What are out-of-pocket expenses?
Out-of-pocket expenses are the additional costs you'll pay for a treatment or service, once all of the Medicare and private health insurance benefits have been expended. Usually, out-of-pocket expenses apply when you’re not fully covered for a particular treatment or service, or when a set benefit limit applies. For example, say you picked a pair of $700 Prada glasses, and your policy covers $210 per Membership Year, your out-of-pocket expenses will be $490 for that pair of glasses.
For extras services, we publish many of the benefits payable for the services covered by your policy here on our website, but you can also contact us to find out how much we'll cover.
To find out how much is payable on dental services, we recommend getting a quote from your dentist first and the item number that applies to each service so we can accurately let you know how much will be covered.
What is Extras cover?
Extras cover pays benefits on a number of private health services, like dental, optical, podiatry, physio etc that aren't covered by Medicare.
We offer four levels of Extras cover. Premium and Essential Extras pay benefits on the biggest range of treatments and therapies, while Select Extras and Young Extras are more tailored to services you might use most frequently.
What is ancillary cover?
Ancillary cover is another term for extras cover.
What is a waiting period?
Waiting periods are exactly what their name suggests; the length of time a policy holder needs to wait before being able to make claims on services.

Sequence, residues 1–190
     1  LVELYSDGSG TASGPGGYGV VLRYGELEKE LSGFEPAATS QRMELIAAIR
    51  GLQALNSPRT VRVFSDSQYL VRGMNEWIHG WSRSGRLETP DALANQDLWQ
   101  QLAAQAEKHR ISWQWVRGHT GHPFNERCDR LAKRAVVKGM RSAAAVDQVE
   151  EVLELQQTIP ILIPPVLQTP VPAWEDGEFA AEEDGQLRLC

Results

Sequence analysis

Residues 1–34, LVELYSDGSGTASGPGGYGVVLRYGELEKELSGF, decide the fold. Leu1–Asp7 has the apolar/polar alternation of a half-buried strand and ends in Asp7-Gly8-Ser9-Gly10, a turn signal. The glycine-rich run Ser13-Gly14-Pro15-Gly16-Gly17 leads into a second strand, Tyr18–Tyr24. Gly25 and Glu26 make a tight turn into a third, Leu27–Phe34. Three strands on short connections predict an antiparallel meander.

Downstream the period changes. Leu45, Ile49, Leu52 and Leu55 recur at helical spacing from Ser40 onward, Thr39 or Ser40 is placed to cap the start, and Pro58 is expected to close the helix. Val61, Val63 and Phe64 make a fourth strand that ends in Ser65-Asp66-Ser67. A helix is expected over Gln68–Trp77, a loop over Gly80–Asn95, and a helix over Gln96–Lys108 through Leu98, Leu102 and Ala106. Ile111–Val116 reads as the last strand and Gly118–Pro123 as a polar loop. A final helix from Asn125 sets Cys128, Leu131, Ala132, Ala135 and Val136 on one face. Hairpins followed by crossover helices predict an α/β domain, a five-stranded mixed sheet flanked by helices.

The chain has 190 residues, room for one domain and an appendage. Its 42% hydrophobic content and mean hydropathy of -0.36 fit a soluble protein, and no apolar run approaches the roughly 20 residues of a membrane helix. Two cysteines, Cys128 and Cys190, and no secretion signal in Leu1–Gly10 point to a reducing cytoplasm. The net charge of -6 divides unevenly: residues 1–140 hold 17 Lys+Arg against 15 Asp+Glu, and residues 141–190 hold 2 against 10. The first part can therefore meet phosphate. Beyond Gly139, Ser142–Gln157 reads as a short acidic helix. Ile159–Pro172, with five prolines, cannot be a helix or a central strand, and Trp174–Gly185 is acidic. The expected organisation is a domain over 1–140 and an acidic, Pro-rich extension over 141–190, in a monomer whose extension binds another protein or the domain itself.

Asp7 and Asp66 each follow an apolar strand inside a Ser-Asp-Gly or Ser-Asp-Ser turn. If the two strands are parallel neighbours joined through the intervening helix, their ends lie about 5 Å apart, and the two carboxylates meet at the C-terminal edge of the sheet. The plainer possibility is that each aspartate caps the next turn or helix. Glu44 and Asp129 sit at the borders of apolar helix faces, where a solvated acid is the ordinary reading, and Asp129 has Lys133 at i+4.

They apply when you join any health fund for the very first time, or when you upgrade to a higher level of cover.
Waiting periods are designed to keep health cover fair for everyone, by protecting the fund and Members against people who join intentionally to make big claims, and then cancel their membership.
If you're transferring from another fund and take out an equivalent level of cover, or if you've previously been covered by your parents' membership, we recognise that you've already served the waiting periods, so you can claim straight away. If you upgrade to a higher level of cover when you switch, you'll only need to serve the waiting period on the increased benefits.
Our table below outlines the waiting periods that apply to hospital and extras:
^ Two month waiting periods apply for most other items or services. Cover for an accident is immediate provided it is not recoverable from another source such as Workers Compensation, third party or other liability provision. Sporting accidents sustained by sportspeople in activities relating to their fulltime employment as a sporting professional, including training and competition have a two month waiting period.
Can I upgrade my cover?
If you're on one of our lower or medium levels of cover, you can choose to upgrade at any time by contacting us on 1800 623 893.
Upgrading could include:
- Increasing the level of cover - for example, going from Intermediate to Top Hospital
- Adding a new cover - for example, adding extras cover
- Reducing your excess - that is, going from $500 excess to $250
If you're upgrading, you may need to serve waiting periods on the upgraded portion of your cover. While you're waiting, we'll still honour the benefits of your previous cover. Conditions also apply to hospitalisation if you're changing your excess.
Can I downgrade my cover?
If things are a bit tight financially, or if you want to change to a level of cover that's more practical, you can choose to downgrade your cover.
Downgrading may include:
- Reducing the level of cover - for example, going from Top Hospital to Intermediate Hospital cover
- Removing a current cover - for example, dropping extras cover
- Increasing your excess - going from a $250 to $500 excess
If you choose to downgrade, you won't need to serve additional waiting periods, and your new excess applies to inpatient hospital services immediately.